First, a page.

The truth? He was from Colorado. That, and the way his cheeks blushed from attention made him a shoe-in for celebrity, even if no one knew it yet. It surely wasn't his ability to hold a ride or rope a steer, both of which screamed fledgling. Who can say for sure what makes a man dream, or why this young one chose the rodeo? Some say it's the excitement, or the travel, or the visceral lure of man vs. beast. For Roy, it was about conquering the impossible, becoming a man. The other fellas on the circuit called him "slick" and "sissy" and snickered at him as he fed bales of hay to the stock, hanging around waiting for another chance. He'd hoped it wouldn't take forever.

It hadn't. When Chuck Horton broke three ribs on that midnight black bull, they'd needed someone else to fill the show. "This rodeo ain't no carnival, kid. Christ, don't kill yourself." Even though he had the cash to enter, Roy could never muster the qualifying ride. They'd put him out there on the meanest sonofabitch they had every time. He'd fly off at the first buck like clockwork. But tonight they needed another rider to up the purse, and the cash was bigger than their pride. They gave him another shot.

There's a young man that I know, whose age is twenty one
Comes from down in southern Colorado

His hands were shaky and his mind was on an old folk song when they mounted him on the bull that was going to win him that evening's gold buckle. The gate opened, his mouth opened wider, and the two of them bucked and humped to the cheers of a clueless audience. Roy's expression of pure terror made them hoot louder, hoping to give him some cock to his strides as he dug his spurs into the sides of the bull almost accidentally. Nine seconds. Over.

Nobody razzed Roy that night to his face, except for the sorest losers of all. They hinted the stock judge was sweet on him, or that somehow the ride had been less than fair. The kicker of it all was that Roy knew it was a fluke, and that he wasn't any good at bull riding. He could close his eyes to recount the ride and he knew, without a doubt, that he hadn't had any idea what was going on. Hell, he was just trying to keep his hat. It was luck. A fluke. A mistake.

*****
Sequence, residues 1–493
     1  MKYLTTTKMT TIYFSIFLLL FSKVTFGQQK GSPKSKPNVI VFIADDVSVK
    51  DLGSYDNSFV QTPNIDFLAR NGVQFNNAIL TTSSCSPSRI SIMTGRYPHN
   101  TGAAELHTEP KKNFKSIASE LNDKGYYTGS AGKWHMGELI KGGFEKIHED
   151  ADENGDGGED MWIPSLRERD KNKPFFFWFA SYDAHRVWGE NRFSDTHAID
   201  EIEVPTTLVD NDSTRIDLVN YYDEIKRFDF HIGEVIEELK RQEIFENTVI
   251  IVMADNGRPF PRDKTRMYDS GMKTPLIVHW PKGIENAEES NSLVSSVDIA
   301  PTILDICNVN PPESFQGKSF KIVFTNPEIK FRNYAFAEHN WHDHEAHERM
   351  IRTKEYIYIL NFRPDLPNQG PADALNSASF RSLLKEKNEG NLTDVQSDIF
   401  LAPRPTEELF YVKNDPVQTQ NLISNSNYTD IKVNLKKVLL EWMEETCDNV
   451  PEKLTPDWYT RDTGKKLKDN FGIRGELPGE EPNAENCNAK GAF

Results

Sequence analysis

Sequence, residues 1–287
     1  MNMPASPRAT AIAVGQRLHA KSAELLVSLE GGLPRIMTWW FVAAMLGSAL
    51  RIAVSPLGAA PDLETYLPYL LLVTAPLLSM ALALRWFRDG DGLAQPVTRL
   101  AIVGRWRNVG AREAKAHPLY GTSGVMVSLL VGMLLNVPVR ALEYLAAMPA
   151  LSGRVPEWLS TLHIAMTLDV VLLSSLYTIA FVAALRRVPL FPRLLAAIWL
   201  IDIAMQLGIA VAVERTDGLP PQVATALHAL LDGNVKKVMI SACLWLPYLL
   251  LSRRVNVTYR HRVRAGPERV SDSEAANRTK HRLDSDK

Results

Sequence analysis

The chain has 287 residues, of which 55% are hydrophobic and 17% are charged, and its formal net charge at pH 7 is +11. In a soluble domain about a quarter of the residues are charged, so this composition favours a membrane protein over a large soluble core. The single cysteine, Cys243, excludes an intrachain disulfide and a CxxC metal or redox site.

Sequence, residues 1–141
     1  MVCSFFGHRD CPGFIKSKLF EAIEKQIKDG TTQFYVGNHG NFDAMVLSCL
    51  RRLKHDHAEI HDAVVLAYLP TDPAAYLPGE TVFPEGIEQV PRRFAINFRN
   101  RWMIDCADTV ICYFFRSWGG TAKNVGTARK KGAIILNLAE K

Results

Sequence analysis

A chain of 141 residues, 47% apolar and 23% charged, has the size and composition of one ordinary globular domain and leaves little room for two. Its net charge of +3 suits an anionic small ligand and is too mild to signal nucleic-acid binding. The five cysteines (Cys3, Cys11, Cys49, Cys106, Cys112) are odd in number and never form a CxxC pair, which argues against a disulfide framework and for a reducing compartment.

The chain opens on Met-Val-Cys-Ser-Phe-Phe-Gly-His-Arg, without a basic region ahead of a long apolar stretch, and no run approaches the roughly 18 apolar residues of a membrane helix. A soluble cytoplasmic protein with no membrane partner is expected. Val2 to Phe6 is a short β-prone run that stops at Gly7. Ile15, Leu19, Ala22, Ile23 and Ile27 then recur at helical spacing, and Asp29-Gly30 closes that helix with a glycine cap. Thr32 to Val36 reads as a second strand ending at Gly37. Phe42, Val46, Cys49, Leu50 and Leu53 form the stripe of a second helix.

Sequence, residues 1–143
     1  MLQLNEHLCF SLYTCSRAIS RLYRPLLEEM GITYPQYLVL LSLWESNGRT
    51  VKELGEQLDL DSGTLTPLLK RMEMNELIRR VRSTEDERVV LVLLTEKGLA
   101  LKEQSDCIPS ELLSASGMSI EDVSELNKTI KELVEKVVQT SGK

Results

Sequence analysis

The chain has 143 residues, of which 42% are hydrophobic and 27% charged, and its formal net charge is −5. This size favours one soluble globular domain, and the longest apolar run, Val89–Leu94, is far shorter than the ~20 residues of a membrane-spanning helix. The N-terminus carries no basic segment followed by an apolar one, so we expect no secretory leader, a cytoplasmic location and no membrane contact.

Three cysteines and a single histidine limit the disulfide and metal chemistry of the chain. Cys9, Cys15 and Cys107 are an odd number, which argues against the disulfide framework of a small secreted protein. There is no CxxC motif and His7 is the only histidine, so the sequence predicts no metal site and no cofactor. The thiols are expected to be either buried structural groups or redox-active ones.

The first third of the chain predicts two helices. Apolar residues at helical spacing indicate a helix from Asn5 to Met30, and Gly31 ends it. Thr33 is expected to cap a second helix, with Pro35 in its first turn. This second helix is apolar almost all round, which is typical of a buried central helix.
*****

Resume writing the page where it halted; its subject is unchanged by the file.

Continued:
That night he'd dreamed of buckle bunnies baring their chests at him as he dug into each buck, riding the violence with an easy smile. In the dream he was God's gift to women, and they all wanted a piece of Roy the Rider. They waved and writhed and blew kisses in the dusty Texas air at him. Grinning, licking his lips like a wolf as he went ten, eleven, twelve seconds on that bull, he turned. His mother, eyes decayed from time underground, had managed to keep that pursed expression of complete disgust. "Fluuuuuuke," she hissed. Roy woke up screaming and sweating.

The other riders thought it would be funny to use Roy's picture in the promotionals, but the boss had taken a shine to Roy, and figured he could play the fear angle. "Get some new blood up in here, make more green on amateur night we get this here picture up 'front of enough locals." By sunset, Roy's macabre expression was on every utility pole in a 50 mile radius.

While the other riders laid local girls or called home or had huge dinners that stuck to their ribs, Roy paced and dreaded his next go round. He was still replaying the end of his dream as he clambered to the top of the gate, squatting above his beastly fate. What they say about fear is true: it plays funny tricks on time. The hours leading up to the rodeo had flown by, and now the moments before his ride were barely creeping. He looked up for a clock but found her staring at him, eyes wide like a china doll's. He'd seen her before. In his dream, a girl just like her had been dancing to the sound of the bull riding, her nipples punctuating each grind of her hips. He shuddered, shook his head, and looked away. She was gone.

Minutes lurched on and it was Roy's turn. He cleared his mind of the girl and the dream and the gate opened and just as the bull came crashing out of it, he saw her in the stands. The china doll. The siren. A second later the white bull whose name must have been Justice bucked him hard to the ground. He was still shaking as he hobbled back to safety. One second.

On some intuitive level, the kind aligned by cosmos and weird coincidence, he realized he had to beat his fears if he was going to make it big as a cowboy. Like a sacrifice from an understanding God, she stood at the gate. The air turned from humid to determined as he met her gaze. He tried to stride to her, but his limp got in the way. For a second he thought this would defeat him, but in her eyes it was just the right touch. This is about where we left off.

My parents can not stand him, cause he rides the rodeo
My father says that he will leave me crying

Just a few more seconds and it's all over. He bites her neck and grins to himself and lies that he'll call to see how she's doing. His mind is on the prize--tomorrow night's finals--and if he can talk the boss into giving him another shot, he knows he'll best that bull the way he conquered his nightmare. He finds his jeans and hat, strokes her cheek, and whistles a tune all the way back.

He loves his damned old rodeo as much as he loves me
Some day soon, goin' with him some day soon